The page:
November 29, 2005

An Alito Post

The Alito nomination has been on a low simmer for a while now, which isn't quite as exciting as the Roberts or Miers nominations but has given us a little while longer to ponder him as a person and the process in general. Check below the flip for the rest...

So here's an article about how Alito was a member of a Princeton alumni organization that had a particularly racist and sexist bent. Mostly it seems like the organization was founded in the early 70s after Princeton started admitting more than token numbers of women and minorities because some of the crusty white dudes didn't like the change. They published a periodical espousing these ideas as well as several shadier tactics to make their ideas known. Alito was a member of this organization and when he applied for a government job in '85 he was comfortable enough with his membership to list it on his resume. He was born in 1950, so in '85 he was 35 years old.

So my question to you readers is, how much, if at all, do you all think this should matter? Is it far enough in the past to forgive? Were times different enough back then that this isn't a big deal? On the other hand, does this rise to the level of being something that you think should kill, all on its own, his nomination? What bearing, if any, does this have on whether you think he could do a good job as a judge?

Now, I know it's easy to jump to your conclusion mat if you already have an opinion on Bush's nominees generally, but I also hope we get some discussion of how much stuff like this should matter when we're confirming Supreme Court nominees. The bottom line is that even though law nerds like myself tend to really get jazzed up about these sorts of things the Supreme Court affects all of your lives in material ways and we should all be at least as interested in getting good justices as we are in getting good presidents.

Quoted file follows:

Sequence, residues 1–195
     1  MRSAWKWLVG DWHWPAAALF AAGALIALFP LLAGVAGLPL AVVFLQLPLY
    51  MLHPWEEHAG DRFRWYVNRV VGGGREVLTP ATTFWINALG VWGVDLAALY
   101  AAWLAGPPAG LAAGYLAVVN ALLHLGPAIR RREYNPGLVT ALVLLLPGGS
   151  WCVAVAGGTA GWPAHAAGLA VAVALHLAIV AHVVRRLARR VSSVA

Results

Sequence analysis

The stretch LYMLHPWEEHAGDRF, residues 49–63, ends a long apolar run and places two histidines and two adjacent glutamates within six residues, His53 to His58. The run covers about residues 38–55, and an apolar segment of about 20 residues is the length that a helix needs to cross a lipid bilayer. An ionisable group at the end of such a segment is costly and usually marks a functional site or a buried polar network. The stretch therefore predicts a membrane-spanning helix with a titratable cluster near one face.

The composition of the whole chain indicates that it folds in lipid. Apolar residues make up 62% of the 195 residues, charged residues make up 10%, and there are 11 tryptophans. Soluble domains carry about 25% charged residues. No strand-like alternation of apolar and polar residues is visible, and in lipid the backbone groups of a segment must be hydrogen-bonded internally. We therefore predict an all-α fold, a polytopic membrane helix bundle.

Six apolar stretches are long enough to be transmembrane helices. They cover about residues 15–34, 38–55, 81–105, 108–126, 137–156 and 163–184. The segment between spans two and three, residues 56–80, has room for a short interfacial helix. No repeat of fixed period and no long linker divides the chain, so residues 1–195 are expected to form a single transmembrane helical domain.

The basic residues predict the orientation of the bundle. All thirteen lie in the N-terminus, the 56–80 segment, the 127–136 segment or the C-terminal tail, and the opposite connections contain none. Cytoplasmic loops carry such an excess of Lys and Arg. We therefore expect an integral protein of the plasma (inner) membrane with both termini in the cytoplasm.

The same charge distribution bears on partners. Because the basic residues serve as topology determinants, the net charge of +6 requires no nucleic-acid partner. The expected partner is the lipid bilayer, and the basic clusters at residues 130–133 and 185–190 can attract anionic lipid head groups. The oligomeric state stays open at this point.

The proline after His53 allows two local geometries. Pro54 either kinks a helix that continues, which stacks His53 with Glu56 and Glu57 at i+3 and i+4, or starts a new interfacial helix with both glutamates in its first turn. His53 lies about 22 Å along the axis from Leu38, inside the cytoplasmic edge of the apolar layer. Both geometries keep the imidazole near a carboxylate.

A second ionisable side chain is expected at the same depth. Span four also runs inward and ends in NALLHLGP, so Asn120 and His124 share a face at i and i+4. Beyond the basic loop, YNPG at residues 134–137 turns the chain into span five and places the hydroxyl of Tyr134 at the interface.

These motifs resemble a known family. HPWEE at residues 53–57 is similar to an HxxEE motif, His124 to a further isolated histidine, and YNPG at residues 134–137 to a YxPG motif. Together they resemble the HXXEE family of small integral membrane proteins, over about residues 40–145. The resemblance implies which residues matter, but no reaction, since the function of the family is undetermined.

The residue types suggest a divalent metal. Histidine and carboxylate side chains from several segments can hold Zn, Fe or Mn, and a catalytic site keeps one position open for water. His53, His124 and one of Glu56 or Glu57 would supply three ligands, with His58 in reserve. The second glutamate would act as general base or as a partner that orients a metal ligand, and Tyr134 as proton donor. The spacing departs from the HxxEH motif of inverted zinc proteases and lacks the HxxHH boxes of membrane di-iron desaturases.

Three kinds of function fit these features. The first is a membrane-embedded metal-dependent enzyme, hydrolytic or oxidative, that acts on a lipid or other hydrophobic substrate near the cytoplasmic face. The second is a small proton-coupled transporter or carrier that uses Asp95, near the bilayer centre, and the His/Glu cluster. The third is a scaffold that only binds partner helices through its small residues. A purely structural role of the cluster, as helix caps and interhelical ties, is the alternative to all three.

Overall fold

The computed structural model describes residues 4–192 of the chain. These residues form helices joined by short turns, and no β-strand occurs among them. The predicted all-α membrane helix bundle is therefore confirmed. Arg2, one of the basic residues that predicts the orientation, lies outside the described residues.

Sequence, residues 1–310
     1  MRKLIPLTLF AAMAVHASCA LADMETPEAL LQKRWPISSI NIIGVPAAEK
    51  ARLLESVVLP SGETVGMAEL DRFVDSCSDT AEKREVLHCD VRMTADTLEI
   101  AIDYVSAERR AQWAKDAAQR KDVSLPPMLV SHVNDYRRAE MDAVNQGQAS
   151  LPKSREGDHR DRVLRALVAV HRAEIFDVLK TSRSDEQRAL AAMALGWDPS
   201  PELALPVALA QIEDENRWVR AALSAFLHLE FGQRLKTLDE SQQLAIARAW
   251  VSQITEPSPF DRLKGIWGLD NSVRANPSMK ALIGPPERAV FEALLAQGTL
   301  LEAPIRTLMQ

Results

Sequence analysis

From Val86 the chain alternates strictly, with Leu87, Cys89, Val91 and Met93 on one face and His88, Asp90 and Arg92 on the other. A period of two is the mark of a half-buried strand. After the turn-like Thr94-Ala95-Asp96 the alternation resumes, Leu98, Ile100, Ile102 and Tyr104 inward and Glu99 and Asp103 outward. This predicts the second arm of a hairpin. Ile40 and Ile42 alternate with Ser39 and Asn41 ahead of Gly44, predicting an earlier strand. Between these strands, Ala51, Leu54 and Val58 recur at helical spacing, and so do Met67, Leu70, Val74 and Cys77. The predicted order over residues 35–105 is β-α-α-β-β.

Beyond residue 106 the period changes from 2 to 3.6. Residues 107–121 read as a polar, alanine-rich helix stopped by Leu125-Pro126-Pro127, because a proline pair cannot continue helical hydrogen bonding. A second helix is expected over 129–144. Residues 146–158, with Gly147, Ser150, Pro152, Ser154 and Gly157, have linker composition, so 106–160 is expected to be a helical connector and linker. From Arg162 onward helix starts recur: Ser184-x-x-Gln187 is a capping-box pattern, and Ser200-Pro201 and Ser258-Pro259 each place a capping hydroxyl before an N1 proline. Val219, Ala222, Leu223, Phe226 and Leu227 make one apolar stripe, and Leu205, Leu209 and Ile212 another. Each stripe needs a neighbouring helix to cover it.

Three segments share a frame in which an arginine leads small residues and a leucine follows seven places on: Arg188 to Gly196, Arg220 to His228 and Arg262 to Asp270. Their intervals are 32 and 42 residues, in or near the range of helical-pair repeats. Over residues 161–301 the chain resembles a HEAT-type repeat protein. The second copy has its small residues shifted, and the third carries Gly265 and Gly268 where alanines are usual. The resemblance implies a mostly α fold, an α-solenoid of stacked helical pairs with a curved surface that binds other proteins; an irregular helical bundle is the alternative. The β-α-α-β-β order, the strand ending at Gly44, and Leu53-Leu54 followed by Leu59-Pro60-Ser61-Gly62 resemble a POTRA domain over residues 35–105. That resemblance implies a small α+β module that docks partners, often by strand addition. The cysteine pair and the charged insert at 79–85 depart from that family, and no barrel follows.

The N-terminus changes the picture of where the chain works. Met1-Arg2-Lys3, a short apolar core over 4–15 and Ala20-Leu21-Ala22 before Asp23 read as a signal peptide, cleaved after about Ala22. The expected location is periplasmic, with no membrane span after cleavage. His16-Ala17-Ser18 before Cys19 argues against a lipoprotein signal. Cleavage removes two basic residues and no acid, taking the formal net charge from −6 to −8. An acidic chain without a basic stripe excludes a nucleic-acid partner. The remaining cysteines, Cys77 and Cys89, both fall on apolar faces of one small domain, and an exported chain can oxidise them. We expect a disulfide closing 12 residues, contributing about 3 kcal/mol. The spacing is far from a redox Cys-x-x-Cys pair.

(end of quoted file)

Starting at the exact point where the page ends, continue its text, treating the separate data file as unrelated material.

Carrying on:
Noumena said...

On the other hand, at least one of the major roles the Supreme Court is supposed to play in our system is protecting minorities (in whatever sense, not just women or black people or gay people or what have you) from the ignorance and indifference of the majority: the Supremes are supposed to be the check that prevents us from falling into mob rule, and this is why we have a republic rather than a democracy. Now, it appears a nominee to the Supreme Court had his membership in a certain group on his CV for a good chunk of his professional life; a group that was quite explicitly dedicated, at least in part, to keeping power away from the minority. This isn't a solid indication that this nominee thinks the same today, of course, but it is a piece of data that must not be neglected.

An ordinary jurist has relatively little room to maneouvre, and her job is, essentially, to simply apply precedent to the issue at hand. It seems to follow immediately that someone is a good jurist -- at this level -- if, and only if, they are knowledgable about precedent and offer sound legal arguments.

However, a justice on the Supreme Court has a much broader job. Yes, she will apply precedent to particular circumstances like an ordinary jurist; but, along with the representatives in Congress, the President, and of course her fellow justices, a Supreme Court justice is responsible for determining the ends and goals of the state. To the extent Alito's membership in this organization indicates he does not believes today that an end to discrimination based on ethnicity and gender are appropriate goals for the state to pursue, he will be unwilling, and thus unable, to fulfill at least some of his duties as a justice.

Noumena said...

Check out this week's Tom the Dancing Bug, just posted on Salon.

Sornie said...

Excellent post. Nicely sums up why and why not one person or another should be a supreme court justice. While life experience and personal beliefs should not weigh on one individual's take in interpreting the constitution, they unfortunately do and when the person in question has a personal history of being involved in racist and sexist organizations -- that can easily spell doom for today's constitutional freedoms as we know them.

Additionally, I love the reference to Office Space in the post.